How AR & VR are Redefining Tourism in a Post-COVID World
Augmented and virtual reality (AR/VR) is part of our daily lives already: we can bet that you’ve used a Snapchat or Instagram filter to post a selfie on your story, or used a VR headset to engage in thrilling virtual experiences. While you may think of the reach of AR and VR as limited to games and entertainment, this is far from the case. Augmented and virtual reality are increasingly being used for medical, commercial, and educational purposes, and, recently, the pandemic has shed light on the potential for virtual yet immersive tourism in the absence of real travel. A growing trend in the travel and hospitality industries is now to make AR/VR an integral part of the tourism scene. Yet, as countries begin to lift their travel restrictions, will the utility of virtual and augmented tourism endure?
© National Geographic
The short answer is, absolutely. The virtual tourism scene in is rapidly innovating. Already, the Oculus Quest 2 is making big waves as an advanced, impactful, and multiuse VR headset that can be used to travel the world. The Oculus store currently offers more than 80 travel-related experiences. For example, by downloading the National Geographic VR app, users can kayak in Antarctica or trek through the Inca temples of Machu Picchu with all senses immersed, creating a cinematic experience. The Zion Narrows Experience also offers a navigable VR experience inside the Zion National Park in Utah. More experiences offered for the Oculus Quest or Oculus Go include ecosphere, Gala360, VR Gorilla, and Alcove as well as travel experiences to destinations such as Venice, Georgia, Tallinn, and the Great Barrier Reef. On the AR side, with tourists coming back to cities around the world, MARS storytelling makes historical sites and visitor centers come alive with personalized AR experiences. Want to learn all about a specific city? Zaubar enables tours powered by AR that immerse you in 3D learning experiences about a city’s past and present. Asbury Park in New Jersey also offers its own unique and free AR tour that reconstructs key historic landmarks in AR on the boardwalk. Snapchat’s Landmarker provides for unique 3D experiences at selected locations around the world, tightly tracked to architecture.
Additionally, many museums are taking advantage of AR/VR technology. Want to peruse through the Natural History Museum’s impressive collection of animal skeletons? Now you can enter the Bone Hall from your couch as you experience the museum through your smartphone with the Skin & Bones app. Similar experiences exist for the American Museum of Natural History and many more exhibitions with the help of AR technologies such as Boulevard and Museopic.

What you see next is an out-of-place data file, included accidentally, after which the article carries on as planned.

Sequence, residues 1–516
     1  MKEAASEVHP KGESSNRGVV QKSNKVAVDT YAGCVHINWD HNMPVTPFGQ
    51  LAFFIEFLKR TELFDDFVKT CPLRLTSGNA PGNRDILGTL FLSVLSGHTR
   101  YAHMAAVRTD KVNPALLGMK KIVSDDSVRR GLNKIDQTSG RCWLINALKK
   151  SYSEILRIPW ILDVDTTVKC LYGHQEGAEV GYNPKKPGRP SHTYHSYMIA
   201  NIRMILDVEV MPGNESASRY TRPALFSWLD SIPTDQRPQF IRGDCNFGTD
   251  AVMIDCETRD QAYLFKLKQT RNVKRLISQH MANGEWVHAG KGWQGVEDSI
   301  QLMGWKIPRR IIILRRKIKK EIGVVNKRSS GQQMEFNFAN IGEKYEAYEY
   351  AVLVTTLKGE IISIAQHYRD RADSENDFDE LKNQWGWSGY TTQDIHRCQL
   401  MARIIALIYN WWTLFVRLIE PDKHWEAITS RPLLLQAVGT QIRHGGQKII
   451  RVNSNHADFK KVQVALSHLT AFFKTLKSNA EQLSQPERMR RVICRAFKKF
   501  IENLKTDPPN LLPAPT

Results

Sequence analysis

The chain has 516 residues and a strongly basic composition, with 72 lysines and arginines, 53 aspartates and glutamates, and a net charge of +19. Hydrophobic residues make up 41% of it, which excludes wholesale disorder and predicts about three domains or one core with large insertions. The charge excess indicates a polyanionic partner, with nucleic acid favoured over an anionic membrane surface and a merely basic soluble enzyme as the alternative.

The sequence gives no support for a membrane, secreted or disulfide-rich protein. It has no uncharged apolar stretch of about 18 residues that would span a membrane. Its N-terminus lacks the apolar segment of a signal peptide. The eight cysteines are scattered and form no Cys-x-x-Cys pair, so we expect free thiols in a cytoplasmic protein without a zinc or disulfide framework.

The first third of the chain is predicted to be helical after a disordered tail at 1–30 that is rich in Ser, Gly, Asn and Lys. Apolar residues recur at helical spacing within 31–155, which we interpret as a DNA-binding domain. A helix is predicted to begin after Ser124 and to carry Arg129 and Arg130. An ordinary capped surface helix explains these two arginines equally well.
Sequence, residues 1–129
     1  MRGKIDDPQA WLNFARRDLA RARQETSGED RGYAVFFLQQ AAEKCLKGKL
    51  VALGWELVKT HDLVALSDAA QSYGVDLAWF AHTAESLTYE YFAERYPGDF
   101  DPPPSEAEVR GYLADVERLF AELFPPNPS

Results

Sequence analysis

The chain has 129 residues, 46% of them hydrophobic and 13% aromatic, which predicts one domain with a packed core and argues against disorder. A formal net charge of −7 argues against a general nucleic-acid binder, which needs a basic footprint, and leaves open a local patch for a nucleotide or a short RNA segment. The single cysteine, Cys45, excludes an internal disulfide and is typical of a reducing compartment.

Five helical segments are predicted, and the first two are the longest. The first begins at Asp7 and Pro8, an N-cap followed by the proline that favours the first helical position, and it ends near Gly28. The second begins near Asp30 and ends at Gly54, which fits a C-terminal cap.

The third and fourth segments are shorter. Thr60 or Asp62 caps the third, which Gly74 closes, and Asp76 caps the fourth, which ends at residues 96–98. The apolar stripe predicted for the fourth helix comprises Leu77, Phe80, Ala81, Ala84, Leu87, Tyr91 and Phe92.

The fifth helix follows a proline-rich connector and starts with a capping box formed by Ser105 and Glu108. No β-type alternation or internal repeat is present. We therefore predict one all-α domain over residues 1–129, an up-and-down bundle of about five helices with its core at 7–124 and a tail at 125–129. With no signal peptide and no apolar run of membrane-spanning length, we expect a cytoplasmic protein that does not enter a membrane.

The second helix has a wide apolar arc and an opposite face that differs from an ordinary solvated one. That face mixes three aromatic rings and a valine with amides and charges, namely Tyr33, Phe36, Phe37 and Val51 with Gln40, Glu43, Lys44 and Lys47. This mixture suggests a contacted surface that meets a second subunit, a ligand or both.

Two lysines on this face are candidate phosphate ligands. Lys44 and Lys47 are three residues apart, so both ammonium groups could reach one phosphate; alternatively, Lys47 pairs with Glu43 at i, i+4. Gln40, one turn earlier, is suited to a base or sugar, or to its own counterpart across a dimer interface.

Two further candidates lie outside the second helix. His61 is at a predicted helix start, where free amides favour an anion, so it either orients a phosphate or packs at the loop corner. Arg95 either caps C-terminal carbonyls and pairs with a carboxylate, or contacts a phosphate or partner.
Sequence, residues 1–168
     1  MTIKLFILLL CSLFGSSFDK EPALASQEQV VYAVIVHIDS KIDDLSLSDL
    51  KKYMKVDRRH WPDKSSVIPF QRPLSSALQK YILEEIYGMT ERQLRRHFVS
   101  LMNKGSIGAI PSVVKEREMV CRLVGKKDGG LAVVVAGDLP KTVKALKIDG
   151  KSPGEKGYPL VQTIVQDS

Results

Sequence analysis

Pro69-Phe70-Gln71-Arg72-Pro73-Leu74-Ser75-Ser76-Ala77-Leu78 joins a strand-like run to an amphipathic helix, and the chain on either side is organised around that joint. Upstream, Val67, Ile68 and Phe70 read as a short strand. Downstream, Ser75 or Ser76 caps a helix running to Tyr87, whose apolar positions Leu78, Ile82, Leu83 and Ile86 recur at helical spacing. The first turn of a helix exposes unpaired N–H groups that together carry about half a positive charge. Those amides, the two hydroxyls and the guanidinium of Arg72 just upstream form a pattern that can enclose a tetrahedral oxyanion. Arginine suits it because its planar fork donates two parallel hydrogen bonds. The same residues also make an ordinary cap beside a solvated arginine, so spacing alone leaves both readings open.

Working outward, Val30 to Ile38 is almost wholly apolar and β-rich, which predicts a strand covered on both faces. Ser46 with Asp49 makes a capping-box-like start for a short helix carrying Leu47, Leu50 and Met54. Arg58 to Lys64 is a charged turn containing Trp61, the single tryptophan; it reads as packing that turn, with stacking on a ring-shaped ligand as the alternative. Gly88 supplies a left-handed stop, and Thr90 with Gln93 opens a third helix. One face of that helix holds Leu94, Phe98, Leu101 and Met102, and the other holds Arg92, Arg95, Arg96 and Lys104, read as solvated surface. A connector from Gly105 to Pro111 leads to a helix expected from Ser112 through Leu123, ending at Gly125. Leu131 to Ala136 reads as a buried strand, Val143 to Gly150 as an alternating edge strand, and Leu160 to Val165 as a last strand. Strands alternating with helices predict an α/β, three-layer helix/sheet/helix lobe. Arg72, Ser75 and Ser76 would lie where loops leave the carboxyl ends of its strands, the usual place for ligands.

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If you feel comfortable and are able to travel in person, AR can also be applied to geolocation and navigational purposes when you’re at your destination. Google Lens and Google Translate both allow you to scan and translate street signs, maps, guides, and menus in real-time and provide an augmented reality overlay of the translation in tens of languages. Google Maps also uses AR to make navigation more convenient by placing big virtual signs on top of real-world roads.
Also, on your way to your next destination, Skylights offers VR experiences to entertain airline passengers with their unique cinema experiences.
AR/VR technologies now offer new ways and alternatives for travel and to immerse yourself in new experiences. You can even create your own customizable AR travel experiences by using echoAR. ViajAR used echoAR allow its users to learn more about their favorite city, while AR-Tourist, which is also powered by echoAR, allows its user to virtually travel the world. Learn how to set up landmarks in AR and virtually explore exotic locations, by following this open source tutorial.
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Skeptics of immersive tourism point out that virtual travel is not the same experience. While it may be true that virtual travel from the comfort of your couch still cannot fully replicate real in-person travel, immersive experiences are becoming more and more realistic experiences and also serve as valuable tools for tourists contemplating where to go before booking an in person trip in real life as well as tourists looking to cut down on excess travel expenditures. Companies are investing big money in making sure AR/VR evolve and that AR/VR experiences become an integral part of our tech-driven future. As Mark Zuckerberg said about the potential applications of AR/VR, “We should be teleporting, not transporting ourselves.”
Check out the inspiration page on the echoAR platform for more great examples of AR apps that developers are building for navigation and travel by using echoAR.
echoAR (http://www.echoAR.xyz; Techstars ’19) is a cloud platform for augmented reality (AR) and virtual reality (VR) that provides tools and server-side infrastructure to help developers & companies quickly build and deploy AR/VR apps and experiences.